Long Beach social justice art exhibit highlights youth stories 

The “Letters to…” exhibit runs until August 31 at the Billie Jean King Main Library in Long Beach, CA. | Photo courtesy of Make Some Noise

LONG BEACH, Calif. — To amplify the power of youth’s voices, Intertrend Communications Inc., an award-winning multicultural communications agency, recently launched the first-of-its-kind art exhibition, showcasing entries from a writing contest, dubbed “Letters To…An Extraordinary Correspondence,” conducted by its branding unit Make Noise Today (MNT).

Launched in December last year, the “Letters to…” contest has allowed over 900 high school students from around the country to sound off otherwise difficult to utter feelings and thoughts into words.

Julia Huang, founder and CEO of Intertrend, told the Asian Journal during the unveiling of the art installation at the Billie Jean King Main Library in Long Beach, California, that this unique experience is generally aimed at combating racism by empowering the youth.

Julia Huang | AJPress photo by Donnabelle Gatdula Arevalo

“MNT was an initiative generated by our employees during the height of Asian American violence and discrimination but we opted to focus more on telling stories, encouraging Asian Americans to tell their stories, and amplifying our voices. [For] this particular exhibition called ‘Letter To…’ we focused on high school students. So we asked high school students around the country to submit letters addressed to anyone, letters to yourself, letters to your future self, letters from the past, or teachers or people who believe you or discriminated against you or any kind of letters talking about identity and racial equality and it was really expanded to more than AsiaA=n Americans,” Huang said.

MNT is a platform that creates empathy and equity through Asian storytelling. It accomplishes this through collections of content and stories on the lives of Asian Americans-Recipe for Change.

For over 20 years, Long Beach-based Intertrend has been successfully helping its clients nurture and establish brand leadership positions in this emerging market through an integrated mix of advertising, public relations, promotions, events, and interactive strategies via various culturally relevant marketing programs.

With the recent school shooting in Texas, the Intertrend chief believes that mental health is extremely important and the “Letters to…” exhibit provided a venue for teens to put their feelings into words and present them to the world.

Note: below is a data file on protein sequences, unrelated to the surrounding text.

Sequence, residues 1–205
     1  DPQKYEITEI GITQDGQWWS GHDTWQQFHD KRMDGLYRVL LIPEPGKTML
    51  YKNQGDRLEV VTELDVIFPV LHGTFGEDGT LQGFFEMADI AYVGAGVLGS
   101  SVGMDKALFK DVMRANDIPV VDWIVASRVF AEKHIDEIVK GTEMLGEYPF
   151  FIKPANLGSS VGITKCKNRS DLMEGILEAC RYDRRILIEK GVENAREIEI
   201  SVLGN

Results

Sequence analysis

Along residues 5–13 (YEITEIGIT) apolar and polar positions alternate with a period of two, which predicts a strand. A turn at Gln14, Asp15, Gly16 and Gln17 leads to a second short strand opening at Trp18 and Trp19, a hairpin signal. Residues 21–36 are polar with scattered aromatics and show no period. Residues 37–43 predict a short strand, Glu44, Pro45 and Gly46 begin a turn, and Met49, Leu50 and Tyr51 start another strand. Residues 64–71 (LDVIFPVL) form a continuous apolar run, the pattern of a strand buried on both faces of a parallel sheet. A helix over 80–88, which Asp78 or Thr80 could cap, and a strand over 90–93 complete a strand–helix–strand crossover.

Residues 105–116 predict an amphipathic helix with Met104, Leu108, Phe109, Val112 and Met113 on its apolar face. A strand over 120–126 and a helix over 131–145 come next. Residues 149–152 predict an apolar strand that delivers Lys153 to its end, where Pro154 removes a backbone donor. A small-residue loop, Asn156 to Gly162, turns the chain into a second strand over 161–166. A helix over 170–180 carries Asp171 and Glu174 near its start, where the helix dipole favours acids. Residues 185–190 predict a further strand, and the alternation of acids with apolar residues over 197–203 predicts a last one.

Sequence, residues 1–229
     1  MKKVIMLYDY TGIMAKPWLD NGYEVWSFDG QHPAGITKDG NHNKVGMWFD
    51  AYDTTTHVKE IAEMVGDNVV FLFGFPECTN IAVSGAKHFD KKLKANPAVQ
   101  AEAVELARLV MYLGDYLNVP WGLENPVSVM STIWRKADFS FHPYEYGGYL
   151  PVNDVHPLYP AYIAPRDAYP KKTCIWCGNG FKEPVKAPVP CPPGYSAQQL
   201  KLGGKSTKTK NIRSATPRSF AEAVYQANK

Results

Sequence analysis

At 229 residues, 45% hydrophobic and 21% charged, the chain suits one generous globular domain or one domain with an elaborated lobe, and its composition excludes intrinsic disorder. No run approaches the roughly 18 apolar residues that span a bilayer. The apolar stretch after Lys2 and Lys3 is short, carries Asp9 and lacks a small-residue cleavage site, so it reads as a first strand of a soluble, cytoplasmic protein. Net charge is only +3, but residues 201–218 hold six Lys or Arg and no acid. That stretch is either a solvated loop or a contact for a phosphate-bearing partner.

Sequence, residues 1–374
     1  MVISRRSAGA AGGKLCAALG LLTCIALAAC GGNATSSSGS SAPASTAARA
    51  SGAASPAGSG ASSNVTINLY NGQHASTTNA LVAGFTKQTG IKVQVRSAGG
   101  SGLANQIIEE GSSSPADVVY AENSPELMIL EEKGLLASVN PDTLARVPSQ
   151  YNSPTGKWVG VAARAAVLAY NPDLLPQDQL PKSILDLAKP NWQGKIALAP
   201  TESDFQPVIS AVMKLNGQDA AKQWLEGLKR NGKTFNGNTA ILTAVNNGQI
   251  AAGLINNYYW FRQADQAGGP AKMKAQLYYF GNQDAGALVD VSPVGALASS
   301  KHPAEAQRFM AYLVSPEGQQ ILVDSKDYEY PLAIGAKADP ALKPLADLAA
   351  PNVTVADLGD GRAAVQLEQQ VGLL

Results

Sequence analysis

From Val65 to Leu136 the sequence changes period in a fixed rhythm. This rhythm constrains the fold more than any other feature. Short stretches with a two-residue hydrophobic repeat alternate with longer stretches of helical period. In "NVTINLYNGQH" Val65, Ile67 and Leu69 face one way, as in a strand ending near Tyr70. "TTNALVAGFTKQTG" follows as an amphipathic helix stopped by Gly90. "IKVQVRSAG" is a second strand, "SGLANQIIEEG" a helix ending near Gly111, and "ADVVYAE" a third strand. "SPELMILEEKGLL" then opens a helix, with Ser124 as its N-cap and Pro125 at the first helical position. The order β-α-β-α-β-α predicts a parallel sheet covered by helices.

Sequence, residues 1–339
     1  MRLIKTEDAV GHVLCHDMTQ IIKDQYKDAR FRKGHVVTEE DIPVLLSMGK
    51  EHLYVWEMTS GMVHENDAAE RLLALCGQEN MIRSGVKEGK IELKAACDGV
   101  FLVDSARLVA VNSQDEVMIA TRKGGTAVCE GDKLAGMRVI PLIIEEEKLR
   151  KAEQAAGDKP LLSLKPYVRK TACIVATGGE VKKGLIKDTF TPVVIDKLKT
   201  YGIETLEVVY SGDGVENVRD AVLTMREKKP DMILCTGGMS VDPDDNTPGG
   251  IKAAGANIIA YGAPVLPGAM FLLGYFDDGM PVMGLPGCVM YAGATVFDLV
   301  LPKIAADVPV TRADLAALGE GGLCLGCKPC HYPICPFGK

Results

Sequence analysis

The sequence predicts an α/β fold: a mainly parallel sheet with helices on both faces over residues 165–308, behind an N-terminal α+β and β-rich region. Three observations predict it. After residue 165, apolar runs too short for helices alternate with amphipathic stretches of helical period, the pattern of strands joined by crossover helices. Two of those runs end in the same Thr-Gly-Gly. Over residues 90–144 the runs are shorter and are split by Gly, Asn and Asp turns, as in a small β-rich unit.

According to Huang, Intertrend allocated some $10,000 cash prizes for the 10 winners. The first prize got $5,000 and the rest was equally divided amongst the nine runners-up.

Around 60 letters, including the Top 10 winners, are being highlighted in the exhibit, which will run from June 9 to August 31 and will be free for the public.

For his part, Intertrend executive director and MNT project manager Michael Vitug said this social justice initiative, which basically provides the youth with not only an alternative but a relevant platform to voice out their experiences, might be carried out in other parts of the country.

“We are looking at this one as a travelling exhibition so after this one, hopefully we can have this in other Southern Californian parts of the country. We are also thinking of other forms of platforms. Our objective is still to provide the platform for the youth so it could be in the form of art. It could be another writing contest, but we are looking to do something that could be similar but something to do with art,” Vitug said.

Vitug said they are planning to launch a similar initiative early 2023. “We are looking at next year, opening up another contest. “We started this contest in December 2021, so we probably do the same, maybe roll out another similar project in January (2023) and then have the exhibition in summer,” the Intertrend official said.

Tanya Raukko, Intertrend chief strategy officer (CSO), echoed Vitug’s optimism that this initiative will continue to expand every year.

“I think, we might make this an annual project. Maybe, it’s more art next time. We need to see what the format is. We might create a book by aggregating these letters,” Raukko said, attributing the success of the initiative through a aggressive digital marketing campaign, educational and multi-personal networks among Asian Americans and by setting up a scholarship website.

Cathy de Leon, director of Long Beach Public Libraries, on the other hand, is elated to play an active part in this social and racial equality campaign.

“My role is to be able to make sure that everybody feels welcome and to let people know the Long Beach Public Libraries are a place where we are going to highlight these stories and these voices and really make space that everyone to feel included and welcome,” de Leon said.